Ronnie Ish-Ran is a musician, composer and performer.
He was born in the Nahlaot neighborhood of Jerusalem. As a child of a religious family, during his childhood he used to visit the neighborhood synagogues with his family. There he was used to sing the prayers based on Arabic and Turkish music and during those years he became a member of a children’s choir singing oriental-style hymns and songs.
In his teenage years he was a little disconnected from this music and he used to listen mainly to rock and pop music in western style.
At around the age of 20, following a powerful experience he had, he developed a very strong yearning for the Arabic music of his childhood synagogues and since then this is what he does in his life in various forms.
Over time, he returned to sing in the synagogue and he began studying Arabic violin. He later studied violin for four years at the Jerusalem Academy of Music and Dance, in the Department of Arabic Music.
During the past twenty years he has been involved in various projects related to Arabic and Oriental music in various ways.
In 2002, he founded the “Shaharit” ensemble, the first of its kind in Israel to compose original Arabic music for Hebrew texts. He composed most of the band’s works and he also did the musical arrangements. The “Shaharit” Ensemble recorded one album with original Arabic music and it was a success in Israel and worldwide.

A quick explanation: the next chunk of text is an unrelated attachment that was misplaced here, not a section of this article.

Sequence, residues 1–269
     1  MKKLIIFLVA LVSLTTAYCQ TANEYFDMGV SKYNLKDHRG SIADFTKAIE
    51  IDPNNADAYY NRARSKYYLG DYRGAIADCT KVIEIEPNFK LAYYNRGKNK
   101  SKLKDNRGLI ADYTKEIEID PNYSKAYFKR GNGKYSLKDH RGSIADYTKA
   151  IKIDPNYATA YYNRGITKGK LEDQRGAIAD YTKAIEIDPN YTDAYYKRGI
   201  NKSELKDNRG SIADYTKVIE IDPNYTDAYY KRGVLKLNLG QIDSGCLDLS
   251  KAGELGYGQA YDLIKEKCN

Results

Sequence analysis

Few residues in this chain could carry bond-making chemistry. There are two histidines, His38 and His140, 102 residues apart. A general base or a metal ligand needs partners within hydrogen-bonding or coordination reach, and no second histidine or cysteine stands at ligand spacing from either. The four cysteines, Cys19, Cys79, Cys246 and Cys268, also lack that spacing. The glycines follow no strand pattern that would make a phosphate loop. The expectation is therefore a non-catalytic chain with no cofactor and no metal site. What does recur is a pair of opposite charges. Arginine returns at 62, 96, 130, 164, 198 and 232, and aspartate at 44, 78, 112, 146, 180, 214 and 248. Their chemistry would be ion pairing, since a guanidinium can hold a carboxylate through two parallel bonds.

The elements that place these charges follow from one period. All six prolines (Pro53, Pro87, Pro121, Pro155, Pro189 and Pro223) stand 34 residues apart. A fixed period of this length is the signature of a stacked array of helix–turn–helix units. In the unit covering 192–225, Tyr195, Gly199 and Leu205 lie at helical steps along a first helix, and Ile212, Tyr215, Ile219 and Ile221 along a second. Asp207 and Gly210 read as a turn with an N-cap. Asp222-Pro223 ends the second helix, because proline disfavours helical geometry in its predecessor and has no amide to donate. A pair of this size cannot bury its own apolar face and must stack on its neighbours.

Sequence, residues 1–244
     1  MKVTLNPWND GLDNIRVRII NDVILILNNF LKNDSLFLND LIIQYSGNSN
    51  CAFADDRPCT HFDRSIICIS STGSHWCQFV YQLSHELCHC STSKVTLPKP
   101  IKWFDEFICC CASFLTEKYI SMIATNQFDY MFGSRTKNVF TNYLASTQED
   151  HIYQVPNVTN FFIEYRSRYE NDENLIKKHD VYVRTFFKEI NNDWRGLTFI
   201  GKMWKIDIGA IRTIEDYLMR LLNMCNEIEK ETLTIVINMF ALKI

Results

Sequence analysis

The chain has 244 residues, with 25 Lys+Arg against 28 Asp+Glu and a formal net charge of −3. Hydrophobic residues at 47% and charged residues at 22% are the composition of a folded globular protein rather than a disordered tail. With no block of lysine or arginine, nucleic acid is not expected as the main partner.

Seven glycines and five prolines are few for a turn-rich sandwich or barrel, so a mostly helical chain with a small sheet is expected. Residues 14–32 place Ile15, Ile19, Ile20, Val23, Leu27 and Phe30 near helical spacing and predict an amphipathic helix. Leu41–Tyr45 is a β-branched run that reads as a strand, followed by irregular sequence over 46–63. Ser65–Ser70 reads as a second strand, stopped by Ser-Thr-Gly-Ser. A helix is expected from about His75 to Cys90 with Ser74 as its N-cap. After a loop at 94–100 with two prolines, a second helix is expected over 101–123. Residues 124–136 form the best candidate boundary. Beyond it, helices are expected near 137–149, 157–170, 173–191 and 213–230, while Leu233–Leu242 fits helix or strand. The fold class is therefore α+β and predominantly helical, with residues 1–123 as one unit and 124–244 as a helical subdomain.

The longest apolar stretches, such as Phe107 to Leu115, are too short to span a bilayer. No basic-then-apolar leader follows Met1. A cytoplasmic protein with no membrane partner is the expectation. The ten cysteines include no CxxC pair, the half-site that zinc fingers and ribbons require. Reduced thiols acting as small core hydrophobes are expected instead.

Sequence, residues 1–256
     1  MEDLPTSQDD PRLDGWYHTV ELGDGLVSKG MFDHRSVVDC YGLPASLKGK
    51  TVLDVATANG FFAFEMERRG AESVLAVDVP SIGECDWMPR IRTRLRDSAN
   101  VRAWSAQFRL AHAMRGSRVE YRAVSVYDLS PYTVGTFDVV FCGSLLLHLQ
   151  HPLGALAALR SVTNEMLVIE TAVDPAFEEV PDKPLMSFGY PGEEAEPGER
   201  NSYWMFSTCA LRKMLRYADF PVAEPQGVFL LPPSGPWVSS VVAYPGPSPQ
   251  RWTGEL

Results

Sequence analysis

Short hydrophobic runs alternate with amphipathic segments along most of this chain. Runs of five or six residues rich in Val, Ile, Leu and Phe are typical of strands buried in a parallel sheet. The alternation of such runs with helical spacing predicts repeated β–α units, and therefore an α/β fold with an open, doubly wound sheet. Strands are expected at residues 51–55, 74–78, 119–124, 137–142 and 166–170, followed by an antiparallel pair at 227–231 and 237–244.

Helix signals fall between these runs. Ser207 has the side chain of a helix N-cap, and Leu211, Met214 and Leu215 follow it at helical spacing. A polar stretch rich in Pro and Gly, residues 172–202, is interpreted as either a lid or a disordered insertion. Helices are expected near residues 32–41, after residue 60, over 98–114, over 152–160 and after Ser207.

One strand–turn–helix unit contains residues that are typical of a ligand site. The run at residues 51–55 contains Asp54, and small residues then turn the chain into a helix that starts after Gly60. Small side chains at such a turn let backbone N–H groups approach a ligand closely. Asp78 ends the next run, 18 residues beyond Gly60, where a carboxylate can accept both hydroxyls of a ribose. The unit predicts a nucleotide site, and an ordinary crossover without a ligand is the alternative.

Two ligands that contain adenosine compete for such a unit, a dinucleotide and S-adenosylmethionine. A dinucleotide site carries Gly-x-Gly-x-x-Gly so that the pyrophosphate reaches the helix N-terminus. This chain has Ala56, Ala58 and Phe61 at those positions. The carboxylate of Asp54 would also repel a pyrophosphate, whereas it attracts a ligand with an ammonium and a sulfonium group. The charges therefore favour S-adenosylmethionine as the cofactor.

He was a member of various organizations for distributing and instituting Arabic music in Israel.
Among other things, he wrote a curriculum for schools on Eastern music and Jewish texts and he wrote a study unit for the Open University in Israel about the improvisation of performing Arabic music.
Today he writes music, he performs at concerts and teaches Arabic music in theory and practice and Eastern cantorials in various settings.
<< The experience with “Human Sings” teaches me, among other things, that shared emotional intent can connect people of different backgrounds, with different traditions and artistic expression, into one powerful and exciting artistic work. This is when each participant endeavors to best express himself with the tools he is accustomed to working and creating, but with deep and careful listening to the artistic environment in which he works and creates.
It seems to me that in this way it is possible to connect and mediate between people in different contexts, not necessarily artistic ones. In the end, it’s all about intention and listening.>>